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WITH the advent of the far-right administration of Jair Bolsonaro in January this year, the anti-human rights, homophobic, misogynist and racist rhetoric that has marked the president’s entire political career is now being translated into a huge erosion of human rights of everyone in Brazil.
Bolsonaro’s right-wing policies have plunged the country into a complex crisis, with more than 13 million people without jobs and poverty and child mortality rising again.
His administration has encountered a wave of protests and direct activism from groups and individuals determined to stand firm against a politician who threatens the rights to life, health, freedom and land of millions.
This is the context for the work of the Brazilian poet, journalist and political activist Adelaide Ivanova. Her powerful poems have now been translated into English as part of the World Poets Series run by the Poetry Translation Centre (PTC), an institution at the forefront of introducing new audiences to leading poets from around the world.
The Hammer/O Martelo (PTC, £7), winner of the 2018 Rio de Janeiro Literature Prize for Poetry, is a compelling book of poems that explore notions of sexualised violence, political activism and the role and power of women in Brazil.
It is a book full of darkly comic poems challenging the reader, while dissecting the failings and trappings of the modern world.
In The Hammer, Ivanova attacks the status quo head-on, with the instrument both a political tool to break down old systems and a symbol of resistance: “whenever the pope dies/he gets/a little blow with the hammer/on his forehead/i never/hammered/anyone/not a pope or a prince or a king […] marx never said anything about any/hammer/has anyone ever seen/any school of thought having/a symbol/what would the symbol/of the frankfurt school be had/ adorno picked one? […] in communist/albania they replace the/hammer/with a rifle the/hammer/is an optimal object/for good sleeping/or hitting nails on the head.”
In The Envelope, the poet plays with the idea of licking the envelope as a way to subvert the violence of the state, its bureaucracy and oppressions: “i love to lick the envelope/i like the taste of glue/on the envelope there is something/devout in licking/paper and this one that/carries the contract/signed with the lawyer/carries the facts of my own version/i lick this envelope while standing/as this licked piece of paper/is language/and revolution.”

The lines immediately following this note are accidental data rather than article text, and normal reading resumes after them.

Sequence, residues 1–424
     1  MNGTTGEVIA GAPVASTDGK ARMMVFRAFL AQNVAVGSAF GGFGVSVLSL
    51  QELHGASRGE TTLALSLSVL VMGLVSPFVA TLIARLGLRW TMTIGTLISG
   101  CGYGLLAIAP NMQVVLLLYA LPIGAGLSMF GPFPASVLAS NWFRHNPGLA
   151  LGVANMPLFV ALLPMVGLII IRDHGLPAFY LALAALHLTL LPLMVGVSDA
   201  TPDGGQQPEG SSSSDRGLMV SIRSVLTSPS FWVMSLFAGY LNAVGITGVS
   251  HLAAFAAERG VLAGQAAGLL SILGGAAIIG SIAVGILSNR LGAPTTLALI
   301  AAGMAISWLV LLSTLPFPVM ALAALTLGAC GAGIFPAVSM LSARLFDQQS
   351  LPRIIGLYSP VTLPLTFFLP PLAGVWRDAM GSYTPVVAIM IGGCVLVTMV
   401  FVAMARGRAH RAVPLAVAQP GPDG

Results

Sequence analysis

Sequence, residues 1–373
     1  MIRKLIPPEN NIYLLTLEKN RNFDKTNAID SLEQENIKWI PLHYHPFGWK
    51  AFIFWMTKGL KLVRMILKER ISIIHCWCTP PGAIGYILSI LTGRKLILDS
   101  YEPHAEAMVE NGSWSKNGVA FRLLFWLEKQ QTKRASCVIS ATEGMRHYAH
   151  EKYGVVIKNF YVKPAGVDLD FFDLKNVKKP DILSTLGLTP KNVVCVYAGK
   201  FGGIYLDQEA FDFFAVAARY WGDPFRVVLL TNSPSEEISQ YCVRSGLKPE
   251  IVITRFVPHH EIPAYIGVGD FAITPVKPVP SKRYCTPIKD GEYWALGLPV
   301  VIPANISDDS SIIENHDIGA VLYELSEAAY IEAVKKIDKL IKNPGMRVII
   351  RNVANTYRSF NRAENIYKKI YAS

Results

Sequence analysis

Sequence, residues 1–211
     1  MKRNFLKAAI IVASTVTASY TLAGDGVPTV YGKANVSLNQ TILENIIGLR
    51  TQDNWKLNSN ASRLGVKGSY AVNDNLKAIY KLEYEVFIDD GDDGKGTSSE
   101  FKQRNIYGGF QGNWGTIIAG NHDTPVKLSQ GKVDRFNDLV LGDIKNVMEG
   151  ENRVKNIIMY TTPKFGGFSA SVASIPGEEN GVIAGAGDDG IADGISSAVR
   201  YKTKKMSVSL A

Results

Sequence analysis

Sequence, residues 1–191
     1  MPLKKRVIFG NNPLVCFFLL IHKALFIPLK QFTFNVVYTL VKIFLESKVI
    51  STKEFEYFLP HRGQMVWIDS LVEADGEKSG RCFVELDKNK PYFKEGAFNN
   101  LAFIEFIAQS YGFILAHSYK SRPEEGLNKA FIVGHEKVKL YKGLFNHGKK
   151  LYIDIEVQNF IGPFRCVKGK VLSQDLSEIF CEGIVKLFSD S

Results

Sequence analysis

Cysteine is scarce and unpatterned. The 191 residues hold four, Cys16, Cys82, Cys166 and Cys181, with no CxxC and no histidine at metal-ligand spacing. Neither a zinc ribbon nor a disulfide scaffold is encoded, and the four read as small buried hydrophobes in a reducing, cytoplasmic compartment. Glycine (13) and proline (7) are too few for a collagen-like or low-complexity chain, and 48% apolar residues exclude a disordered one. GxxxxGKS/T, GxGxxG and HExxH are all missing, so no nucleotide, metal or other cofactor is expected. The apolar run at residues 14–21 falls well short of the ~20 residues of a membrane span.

Ivanova’s poetry, direct, relevant and luminous, is born out of her political activism and radical thinking. It confronts the destructive politics of Bolsonaro and his cronies head on.
Another book that strikes a blow to the system, albeit in a different way, is Comemadre (Text Publishing, £8.99) by Argentinean writer, screenwriter and professor of narrative and audiovisual design Roque Larraquy.
The novel is composed of two separate stories that at first seem totally unrelated. In one, a well-to-do doctor working in a clinic in the Buenos Aires suburb Temperley at the beginning of the 20th century, is involved in a crazy and cruel scientific experiment with cancer patients.
In the other, a famous visual artist takes his search for a true aesthetics to the extreme, transforming himself in the process to the object of his own experimentation.
Larraquay is interested in exploring complex notions of bodily images and the transcendental and he does this by creating a text full of parodies and grotesqueries — first, from a positivist perspective at the beginning of the 1900s in Argentina and then, through falling into the trap of the banal, as a failed attempt to create radical art in 21st century.
A strange and at times disturbing book, it’s full of intelligence, humour and cynicism in equal measure. Highly recommended.
Everything You Ever Wanted (Viking, £12.99) by Anglo-Brazilian writer Luiza Sauma is also a novel that explores the transcendental with dark humour and irony, in this case through the lens of Iris, a young Londoner who enrols to live on the distant planet Nyx.
She is trying to escape from her daily existence by leaving behind an unsatisfying job, a distant mother and needy teenage sister Mona.
Nyx is only accessed via an underwater wormhole in the Pacific Ocean and there’s no way back. Iris is selected among 100 postulants to live in a far-away planet covered in mysterious pink sand and to start a new life among a self-sufficient community, with her daily activities streamed 24/7.
Sauma’s exquisite narrative, conveying the nuances of modern life as well as the anxieties and tribulations of millennials, reveals the very high price to be paid in order to achieve a “meaningful” new life.
Sauma’s second novel undoubtedly confirms her status as one of the most exciting Latinx voices writing today in Britain. A must-read.
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